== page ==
Expected outcome: Youth will engage themselves in learning and performing the folk arts. More time will be spent imbibing the social and moral values and expressing it in their lifestyle too. This would lend momentum towards making the youth become constructive in their approach to any crisis. It would enable them to become problem solvers and solution makers. Energy of youth would be conserved rather than being wasted on damaging activities. The contribution of the youth towards raising the living standards of the public would be great in measure.


Strength: To implement this good practice we have a well-trained folk arts troupe in every district that carries the social message to the public. We perform in the villages and schools, colleges and in the womens training centres in the village Panchayats and townships. Peoples recognition and acknowledgment enables the good practice to ourish with ease in the society. Key challenges: Resistance from the youth in the beginning. Reluctance to participate at the initial stages. Funds for the training and workshops. For further information please refer to Mr. Raymond, Email:

4. Rainwater Harvesting
Rainwater harvesting provides an independent water supply during regional water restrictions and in developed countries is often used to supplement the main supply. It provides water when there is a drought, prevents ooding of low-lying areas, replenishes the ground water table, and enables dug wells and bore wells to yield water in a sustained manner. It also helps in the availability of clean water by reducing the salinity and the presence of iron salts.

The main purpose of the young peoples initiative of rain water harvesting: The aim of the young people rain water harvesting is to reduce water scarcity and to ensure the collection of rainwater, increase the water level, increase the number of water tanks in the community and enhance the number of houses harvesting rainwater.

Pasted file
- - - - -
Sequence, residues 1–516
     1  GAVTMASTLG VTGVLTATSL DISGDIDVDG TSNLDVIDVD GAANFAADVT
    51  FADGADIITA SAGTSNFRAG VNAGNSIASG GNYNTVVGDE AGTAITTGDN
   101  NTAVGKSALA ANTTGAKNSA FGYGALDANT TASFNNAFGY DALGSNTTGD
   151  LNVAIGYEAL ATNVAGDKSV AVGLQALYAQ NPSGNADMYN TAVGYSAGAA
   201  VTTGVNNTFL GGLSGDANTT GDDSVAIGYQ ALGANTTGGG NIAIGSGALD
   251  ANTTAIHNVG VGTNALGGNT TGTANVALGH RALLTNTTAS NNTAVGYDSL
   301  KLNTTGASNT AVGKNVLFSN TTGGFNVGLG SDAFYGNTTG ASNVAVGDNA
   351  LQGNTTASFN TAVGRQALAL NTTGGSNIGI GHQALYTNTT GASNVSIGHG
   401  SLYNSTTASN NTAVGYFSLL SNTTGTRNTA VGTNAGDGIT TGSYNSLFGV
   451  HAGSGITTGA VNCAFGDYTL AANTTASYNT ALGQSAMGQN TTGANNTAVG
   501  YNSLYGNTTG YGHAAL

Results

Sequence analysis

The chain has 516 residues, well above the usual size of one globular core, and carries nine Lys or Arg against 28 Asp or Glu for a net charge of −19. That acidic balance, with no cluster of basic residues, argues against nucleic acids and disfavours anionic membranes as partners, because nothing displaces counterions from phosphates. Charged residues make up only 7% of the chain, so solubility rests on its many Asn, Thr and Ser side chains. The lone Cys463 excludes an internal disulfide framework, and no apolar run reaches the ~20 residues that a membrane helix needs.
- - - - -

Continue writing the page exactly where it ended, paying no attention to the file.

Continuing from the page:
The main objectives are: To build the harvesting storage tanks; To increase the level of ground water; To orient the people of the village about water preservation by youth community; To avoid getting water from outside the village. Expected Outcome: Through this practice community people can devote more time to their livelihood and increase the area under cultivation. Households can satisfy their needs and avoid installing bore well within 100 meters distance. This good practice can be shared for implementation at the village level and escalated to district level with community participation.

Strength: To implement this good practice we may utilize the resources of the youth community from the youth club in the same village and involve the MGNREGS members, self-help group members through village level water regulatory committee and respective village Panchayats. There are still key challenges remaining for rain water harvesting and these are: Water from the drainage system might mix with harvested water. During the summer, cyclone, ood and storm. Funding.


For more information Mr. G. S. Manoj Babu, Program Executive, CRS, RGNIYD, can be contacted at Mobile: 9894971663.


Shrestha Roy and Veena Mahor presented HLP The Parasparik Shikkhan in Kutch. They have completed three block level workshops. This has been followed by organizing the Network Workshop. So far 19 good practices of Gram Panchayats have been identied. Upon completion of Network Workshop, some Gram Panchayats have already started replicating good practices by utilizing their own funds. This is a complete paradigm shift from other project approaches. In Parasparik Shikkhan, Gram Panchayats are now feeling good about sharing their good practices and replicating them to sustain the improvement of Adding value to capacity building processes services.